The bloodborne pathogens standard has two classifications for laboratories:
- a clinical laboratory is a workplace where diagnostic or other screening procedures are performed on blood or other potentially infectious materials (OPIM), and
- a research laboratory is a laboratory producing or using research-laboratory-scale amounts of HIV or HBV.
"Clinical (or diagnostic) laboratories" are hospital labs, free-standing clinical or diagnostic labs, labs in dental or medical offices, blood and plasma center labs, dental labs, and
laboratories preparing reagents from human blood or blood components. Laboratories that conduct research using blood or blood components but do not produce or use concentrated amounts of HIV
or HBV, would also be considered a clinical (or diagnostic) laboratory.
"Research laboratories" means a laboratory producing or using research-laboratory scale amounts. Research laboratories may produce high concentrations of HIV or HBV but not in the volume found
in the production facilities. Production facilities may produce high volumes of HIV or HBV, but not high concentrations of the viruses.
Clinical and Diagnostic Laboratory Safety
Clinical and diagnostic laboratories must follow the general provisions of the bloodborne pathogens standard, including but not limited to, needlestick and sharps safety, engineering controls,
work practice controls, universal precautions, and the use of personal protective equipment.
Additional laboratory safe practices include:
- careful monitoring of work behaviors and habits to prevent exposures
- no mouth pipetting or suctioning of blood or other potentially infectious materials
- no eating, drinking, smoking, applying cosmetics or lip balm, or handling of contact lenses in work areas where there is a reasonable likelihood of exposure to bloodborne pathogens
- no storage of food or drink in refrigerators, freezers, shelves, cabinets or on countertops or bench tops where bloodborne pathogens or other potentially infectious materials are present
- use splatter guards to prevent exposure
- use sensor or foot/knee/elbow-controlled sinks to operate hand-washing facilities without using hands
- use biological safety cabinets when required
- centrifuge tubes with caps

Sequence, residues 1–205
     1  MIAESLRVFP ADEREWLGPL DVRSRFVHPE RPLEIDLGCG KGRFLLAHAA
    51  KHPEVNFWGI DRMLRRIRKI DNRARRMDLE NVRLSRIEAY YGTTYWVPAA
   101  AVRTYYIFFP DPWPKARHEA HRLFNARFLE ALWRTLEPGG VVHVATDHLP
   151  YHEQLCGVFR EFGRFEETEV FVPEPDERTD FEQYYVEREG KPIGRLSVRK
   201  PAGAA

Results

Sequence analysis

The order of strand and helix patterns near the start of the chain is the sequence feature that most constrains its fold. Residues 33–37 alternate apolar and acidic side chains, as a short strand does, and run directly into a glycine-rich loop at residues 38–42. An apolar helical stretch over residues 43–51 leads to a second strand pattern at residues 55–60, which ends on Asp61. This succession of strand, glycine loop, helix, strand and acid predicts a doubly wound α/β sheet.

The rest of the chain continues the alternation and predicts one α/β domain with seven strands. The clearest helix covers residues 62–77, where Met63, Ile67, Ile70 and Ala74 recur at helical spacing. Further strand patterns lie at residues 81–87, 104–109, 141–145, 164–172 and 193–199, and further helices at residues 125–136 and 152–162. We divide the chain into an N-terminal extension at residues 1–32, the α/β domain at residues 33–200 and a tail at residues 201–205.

Research Laboratory Safety
In addition to the general provisions of the bloodborne pathogens standard, research laboratories must also follow additional guidelines established by section 29 CFR 1910.1030(e) of the standard.
- All regulated waste must be either incinerated or decontaminated by a method, such as autoclaving, that is known to effectively destroy bloodborne pathogens.
- Contaminated materials that are to be decontaminated away from the work area must be placed in a durable, leak-proof, labeled or color-coded container that is closed before being removed from
the work area.
- Laboratory doors must be kept closed when work involving HIV or HBV is in progress.
- Access to the work area must be limited to authorized persons.
- Access door to the work area must be self-closing.
- Work areas must be separate from areas that are open to unrestricted traffic within the building.
- The surfaces of doors, walls, floors, and ceilings in the work area must be water resistant so they can be cleaned easily.
Research Laboratory Safety
- When other potentially infectious materials or infected animals are present in the work area, a hazard warning sign with the universal biohazard symbol must be posted on all access doors.
Engineering controls and work practices:
- All activities involving other potentially infectious materials must be conducted in biological safety cabinets; no work with these infectious materials may be conducted on the open bench.
- Each work area shall contain a sink for washing hands and a readily available eye wash facility; the sink shall be foot/knee/elbow or sensor operated and located near the exit door of the work area.
Needlestick or sharps safety:
- Hypodermic needles and syringes shall be used only for parenteral injection and aspiration of fluids from laboratory animals and diaphragm bottles.
- Extreme caution must be used when handling needles and syringes.
- A needle shall not be bent, sheared, replaced in the sheath or guard, or removed from the syringe following use.
- The needle and syringe must be promptly placed in a puncture-resistant container and decontaminated before reuse.
Ben is a medical laboratory technician working in a local hospital. Before each shift, Ben buys a large cup of coffee from the hospital food court. While working, Ben
keeps his cup of coffee on a table in the lab away from his work station.
Is Ben following the bloodborne pathogens standard?
The standard clearly states that drinks cannot be kept in a work area where there is reasonable exposure to blood or other potentially infectious materials. Food and drink must be kept in designated areas completely free of reasonable exposure. One concern OSHA has expressed with keeping drinks in a work area is the potential for contaminating the drink container, potentially resulting in an indirect exposure.